Alt: Smoking cannabis every day ‘shrinks brain but increases its connectivity’

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November 11 2014

Woolly Mammoth Mummy Yields Well-Preserved Brain


The mummified brain of a well-preserved woolly mammoth found in the Siberian permafrost is the only mostly intact mammoth brain known to science, which has been described in a new study.

The mummified carcass of the 39,000-year-old woolly mammoth, which included the brain with folds and blood vessels visible, was found in August 2010 on the Laptev Sea coast near Yukagir, Russia. The mammoth, named Yuka, was 6 to 9 years old when it died, the researchers found.

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November 11 2014

The origins of multicellular life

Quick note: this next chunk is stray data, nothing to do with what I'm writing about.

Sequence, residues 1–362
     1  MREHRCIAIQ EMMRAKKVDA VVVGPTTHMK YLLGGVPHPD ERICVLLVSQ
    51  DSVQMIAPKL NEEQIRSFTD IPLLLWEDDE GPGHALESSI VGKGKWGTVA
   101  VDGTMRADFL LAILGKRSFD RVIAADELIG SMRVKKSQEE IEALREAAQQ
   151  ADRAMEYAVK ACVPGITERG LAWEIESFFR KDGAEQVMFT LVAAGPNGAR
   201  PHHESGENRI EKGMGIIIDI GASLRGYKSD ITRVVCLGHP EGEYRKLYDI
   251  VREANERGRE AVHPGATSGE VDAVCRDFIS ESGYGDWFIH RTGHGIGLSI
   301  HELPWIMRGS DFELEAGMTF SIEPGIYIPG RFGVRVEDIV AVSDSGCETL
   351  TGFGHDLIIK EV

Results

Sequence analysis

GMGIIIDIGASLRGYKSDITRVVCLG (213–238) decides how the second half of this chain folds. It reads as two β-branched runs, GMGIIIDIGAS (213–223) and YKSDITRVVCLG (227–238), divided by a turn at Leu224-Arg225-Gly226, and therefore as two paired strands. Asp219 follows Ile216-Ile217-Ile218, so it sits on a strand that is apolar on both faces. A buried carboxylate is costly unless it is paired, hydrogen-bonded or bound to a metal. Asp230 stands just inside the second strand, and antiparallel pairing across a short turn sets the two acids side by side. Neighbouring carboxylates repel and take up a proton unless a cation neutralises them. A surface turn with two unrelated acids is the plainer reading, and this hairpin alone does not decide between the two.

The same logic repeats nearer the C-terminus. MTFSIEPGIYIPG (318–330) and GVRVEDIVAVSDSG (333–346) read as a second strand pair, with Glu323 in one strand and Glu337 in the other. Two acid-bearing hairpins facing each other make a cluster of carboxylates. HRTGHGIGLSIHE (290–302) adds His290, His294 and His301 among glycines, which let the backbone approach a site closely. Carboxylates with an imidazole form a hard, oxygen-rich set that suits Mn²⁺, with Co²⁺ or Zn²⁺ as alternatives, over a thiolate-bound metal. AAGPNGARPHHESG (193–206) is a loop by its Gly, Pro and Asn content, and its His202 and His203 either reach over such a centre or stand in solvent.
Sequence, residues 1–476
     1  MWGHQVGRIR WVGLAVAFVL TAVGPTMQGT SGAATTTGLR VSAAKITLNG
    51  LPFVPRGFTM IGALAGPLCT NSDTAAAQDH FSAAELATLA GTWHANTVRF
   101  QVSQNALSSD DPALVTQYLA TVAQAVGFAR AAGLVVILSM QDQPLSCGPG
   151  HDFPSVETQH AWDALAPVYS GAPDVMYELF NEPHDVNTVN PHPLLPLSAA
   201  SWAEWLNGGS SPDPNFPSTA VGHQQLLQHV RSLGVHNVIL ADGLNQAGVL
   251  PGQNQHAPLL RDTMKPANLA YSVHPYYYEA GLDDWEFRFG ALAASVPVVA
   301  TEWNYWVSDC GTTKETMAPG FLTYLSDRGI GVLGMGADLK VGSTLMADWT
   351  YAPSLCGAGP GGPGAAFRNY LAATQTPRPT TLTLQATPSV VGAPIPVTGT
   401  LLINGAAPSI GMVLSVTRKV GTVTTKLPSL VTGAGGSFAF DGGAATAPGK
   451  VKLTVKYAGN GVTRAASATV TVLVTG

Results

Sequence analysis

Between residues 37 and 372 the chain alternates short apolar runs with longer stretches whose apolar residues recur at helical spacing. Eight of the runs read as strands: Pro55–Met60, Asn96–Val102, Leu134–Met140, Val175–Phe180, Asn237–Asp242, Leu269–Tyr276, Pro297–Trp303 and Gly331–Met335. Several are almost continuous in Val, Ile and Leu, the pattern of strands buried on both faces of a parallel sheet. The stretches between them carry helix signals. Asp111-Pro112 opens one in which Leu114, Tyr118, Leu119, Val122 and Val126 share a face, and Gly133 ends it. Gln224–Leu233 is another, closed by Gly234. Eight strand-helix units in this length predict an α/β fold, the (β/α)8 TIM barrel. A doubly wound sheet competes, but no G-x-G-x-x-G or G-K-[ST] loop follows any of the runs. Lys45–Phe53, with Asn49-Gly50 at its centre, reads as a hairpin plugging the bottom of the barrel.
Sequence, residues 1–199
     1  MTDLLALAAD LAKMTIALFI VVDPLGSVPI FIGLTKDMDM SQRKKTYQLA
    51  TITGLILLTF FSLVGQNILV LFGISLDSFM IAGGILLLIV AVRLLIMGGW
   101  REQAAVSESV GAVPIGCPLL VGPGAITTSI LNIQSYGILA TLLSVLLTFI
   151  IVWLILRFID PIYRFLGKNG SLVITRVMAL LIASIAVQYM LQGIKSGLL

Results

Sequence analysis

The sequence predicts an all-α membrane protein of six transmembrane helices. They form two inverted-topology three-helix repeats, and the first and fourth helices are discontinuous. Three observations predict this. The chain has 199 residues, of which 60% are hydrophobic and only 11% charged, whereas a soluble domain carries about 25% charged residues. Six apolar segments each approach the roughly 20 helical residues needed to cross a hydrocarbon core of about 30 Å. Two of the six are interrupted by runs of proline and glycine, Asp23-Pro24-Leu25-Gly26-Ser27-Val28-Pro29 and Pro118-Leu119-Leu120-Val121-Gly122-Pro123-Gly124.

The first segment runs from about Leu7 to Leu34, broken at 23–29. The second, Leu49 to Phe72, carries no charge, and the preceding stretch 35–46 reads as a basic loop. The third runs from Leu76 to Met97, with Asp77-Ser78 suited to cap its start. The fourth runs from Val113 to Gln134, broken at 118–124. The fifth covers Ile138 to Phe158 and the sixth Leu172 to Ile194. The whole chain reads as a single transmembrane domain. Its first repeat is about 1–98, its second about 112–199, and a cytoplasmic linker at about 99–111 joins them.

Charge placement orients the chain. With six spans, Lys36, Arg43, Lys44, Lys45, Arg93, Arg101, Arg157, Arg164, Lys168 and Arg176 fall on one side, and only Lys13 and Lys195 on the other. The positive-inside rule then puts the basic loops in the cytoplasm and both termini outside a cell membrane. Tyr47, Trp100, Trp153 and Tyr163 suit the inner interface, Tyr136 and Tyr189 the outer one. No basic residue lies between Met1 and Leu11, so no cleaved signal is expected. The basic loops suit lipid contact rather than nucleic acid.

The biological world around us is dominated by multicellular plants and animals. All of these intricate forms have evolved from far simpler, single celled ancestors.

What could explain the transition from single cells to cooperative groups, to groups of cells that put the prosperity of the whole group before the one? This is the essential question of how organisms evolved from single celled types and it is one of life's greatest mysteries.

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November 11 2014

Ice Age Babies Surrounded by Weapon Parts Found in Alaska


Around 11,500 years ago, a band of hunters buried two human babies in a pit in what is now Alaska. Surrounded by components of ancient weapons, the skeletons are giving archaeologists a unique look at cultural practices at the end of the last Ice Age, when people began to colonize North America.

“Prior to these finds, we really did not have evidence of that facet of settlement and traditional systems for the early Americans who once inhabited this area,” says Ben Potter, an archaeologist at the University of Alaska in Fairbanks. “These are new windows into these ancient peoples’ lifestyle.”.

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November 11 2014

47-Million-Year-Old Pregnant Mare Sheds Light on Ancient Horses